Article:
by Daria KravchukNov 29, 2022
Doha is the global city of the hour, with the ongoing FIFA World Cup being held in Qatar’s capital city. The country is said to be drawing in international visitors amounting to approximately one and a half million, which is over half its own population. In the run-up to the massive global event, Qatar Museums commissioned 40 new public artworks scattered across Doha as well as the rest of the country, including works by Jeff Koons, Olafur Eliasson, Yayoi Kusama, to mention a few reputed global artists involved.
British artist Shezad Dawood responded to the commission with an artwork that takes the form of a monumental playground, titled Doha Modern Playground, at Al Masrah Park. A sprawling miniature city of sculptures that takes inspiration from significant modernist buildings in the capital, the site is intended to be one of play, where children and adults, alike, are invited to interact and engage. Intended to be at 150 per cent of the size of regular playground structures, Dawood plays on the idea of largeness and size as seen through the eyes of children, in whose world everything is slightly bigger, and therefore, exciting.
Drawing from a larger history of modernism in the 20th century that aligns with several colonial nations gaining independence through the decades, Dawood tells STIR about how he finds himself interested in the “seismic changes in how nations begin to see themselves” and how architecture and urban planning become an extension of ideals, and therefore, expansive gestures of independence, nation building and statehood.
Speaking about the significance of the modernist move in Qatar, the artist tells STIR, “In Qatar, you have quite a unique trajectory from a relatively poor country, largely reliant on pearl diving for its economy, through the petrodollar boom and into a modern and independent nation-state, that is so interwoven with urban planning and the reclaiming of the coastline of the Corniche (a waterfront promenade along Doha Bay)... I spent a lot of time working with local architect and architectural historian Fatma AlSahlawi, exploring this key phase of the built environment, that is only belatedly being given due recognition. For example, the National Theatre building has only recently been restored and updated, and my playground adjoins its location, and so is able to signpost its importance, and there are a number of other key sightlines from the playground to the buildings it references along the Corniche.”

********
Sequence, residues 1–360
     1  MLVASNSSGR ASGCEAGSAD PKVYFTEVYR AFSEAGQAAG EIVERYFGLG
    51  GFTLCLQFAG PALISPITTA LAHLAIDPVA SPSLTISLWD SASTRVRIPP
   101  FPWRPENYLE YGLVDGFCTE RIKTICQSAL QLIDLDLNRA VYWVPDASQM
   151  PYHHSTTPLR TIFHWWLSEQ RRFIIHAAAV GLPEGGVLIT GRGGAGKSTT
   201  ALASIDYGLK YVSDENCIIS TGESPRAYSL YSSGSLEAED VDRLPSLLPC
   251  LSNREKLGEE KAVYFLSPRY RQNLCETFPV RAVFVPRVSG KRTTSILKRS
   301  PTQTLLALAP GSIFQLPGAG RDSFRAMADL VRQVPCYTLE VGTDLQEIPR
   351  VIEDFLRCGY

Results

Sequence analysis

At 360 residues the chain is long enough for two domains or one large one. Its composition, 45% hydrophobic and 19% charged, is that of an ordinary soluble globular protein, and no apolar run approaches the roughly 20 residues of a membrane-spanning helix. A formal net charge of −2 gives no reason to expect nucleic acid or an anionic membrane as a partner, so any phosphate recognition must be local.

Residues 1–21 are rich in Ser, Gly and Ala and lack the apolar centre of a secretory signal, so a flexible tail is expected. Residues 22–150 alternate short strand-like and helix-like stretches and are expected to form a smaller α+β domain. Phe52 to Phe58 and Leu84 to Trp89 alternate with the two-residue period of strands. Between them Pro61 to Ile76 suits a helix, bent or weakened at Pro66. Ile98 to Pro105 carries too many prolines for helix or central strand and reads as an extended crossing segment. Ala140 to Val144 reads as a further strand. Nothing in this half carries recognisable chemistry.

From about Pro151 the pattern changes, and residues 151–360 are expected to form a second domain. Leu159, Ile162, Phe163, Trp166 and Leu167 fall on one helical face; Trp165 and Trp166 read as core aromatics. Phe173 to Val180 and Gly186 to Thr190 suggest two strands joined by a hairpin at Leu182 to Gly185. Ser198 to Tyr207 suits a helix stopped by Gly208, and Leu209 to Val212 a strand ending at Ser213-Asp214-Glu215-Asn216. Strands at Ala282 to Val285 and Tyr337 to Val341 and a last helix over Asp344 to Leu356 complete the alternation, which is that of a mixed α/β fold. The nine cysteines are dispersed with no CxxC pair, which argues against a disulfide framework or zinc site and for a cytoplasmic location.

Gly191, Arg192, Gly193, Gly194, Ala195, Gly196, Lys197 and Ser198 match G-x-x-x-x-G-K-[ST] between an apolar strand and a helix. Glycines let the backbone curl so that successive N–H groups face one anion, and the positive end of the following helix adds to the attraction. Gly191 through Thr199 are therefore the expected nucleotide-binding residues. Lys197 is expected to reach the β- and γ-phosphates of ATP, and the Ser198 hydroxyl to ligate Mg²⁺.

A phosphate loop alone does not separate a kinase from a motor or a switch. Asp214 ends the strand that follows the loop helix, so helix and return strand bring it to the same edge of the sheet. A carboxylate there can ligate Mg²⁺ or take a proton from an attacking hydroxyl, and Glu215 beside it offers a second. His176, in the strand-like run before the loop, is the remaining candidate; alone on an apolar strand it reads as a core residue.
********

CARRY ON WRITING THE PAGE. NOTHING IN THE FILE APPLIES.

Adults accompanying children can find educational material, with the histories of the very buildings and architects being cited in this built playground, as there are QR codes provided for easy accessibility. Designed by the American architect William L Pereira, known for his futuristic architecture buildings, the Doha Sheraton Hotel provided a sensational inspiration for Dawood. "Interestingly enough, later in his career Pereira became very interested in science fiction as a way to imagine the built environment, and this is something that resonates strongly for me as well. I love the idea that cities (rather like maps and territories) are exercises in the imagination; and the best urban design always foregrounds its users, but especially where a sense of play and discovery is involved. If you look at some of the early images of the Sheraton's construction arising from the desert, there is a real sense of a spaceship landing (as well as a building emerging) that borders on the fantastical," he mentions.
The artwork structures replicate well-known playground motifs such as slides, swings, and tunnel pathways, speaking the familiar and simple language of play. Still, the structures are held together with architectural elements derived from modernising structures within the capital city, that were constructed between the years 1962 and 1987, at a time when there were significant shifts in the country’s self-assertion, having gained its independence in 1971. Architectural references include public buildings such as the Qatar National Theatre, Qatar University, and the Central Post Office in Doha, which were built during a period in Qatar history that reflected strides made in terms of public spending, that was realigned with housing, health, education and so on.
Dawood’s playground ensures keeping the respective structures facing the compass directions of their inspirations, so that viewers and children can make the visual reference naturally. The original modernist buildings stand starkly apart from the 21st century dramatic highrises and voluminous structures that mark the age of business and technology. Having been made mostly in glass reinforced concrete or GRC, the artist mentions that he wanted a finish that would resemble the original buildings in their contemporary weathered look that reflects the structures in the imagination of the public.
Speaking to the notion of play that lies at the core of his inspiration for this work, Dawood says, “I have long been an admirer of Isamu Noguchi's playgrounds and his thoughts on play. I think particularly in the public realm this interface between sculpture and playfulness has the potential to unlock public art for audiences in both tangible and tactile ways. Also given that I work a lot with the architectural, and specifically ideas of architecture that connect with histories and processes of decolonisation, there was always a desire to have the playground relate proportionally to the buildings it references, as well as give children the space of a mini-city to explore and let their imaginations loose on.”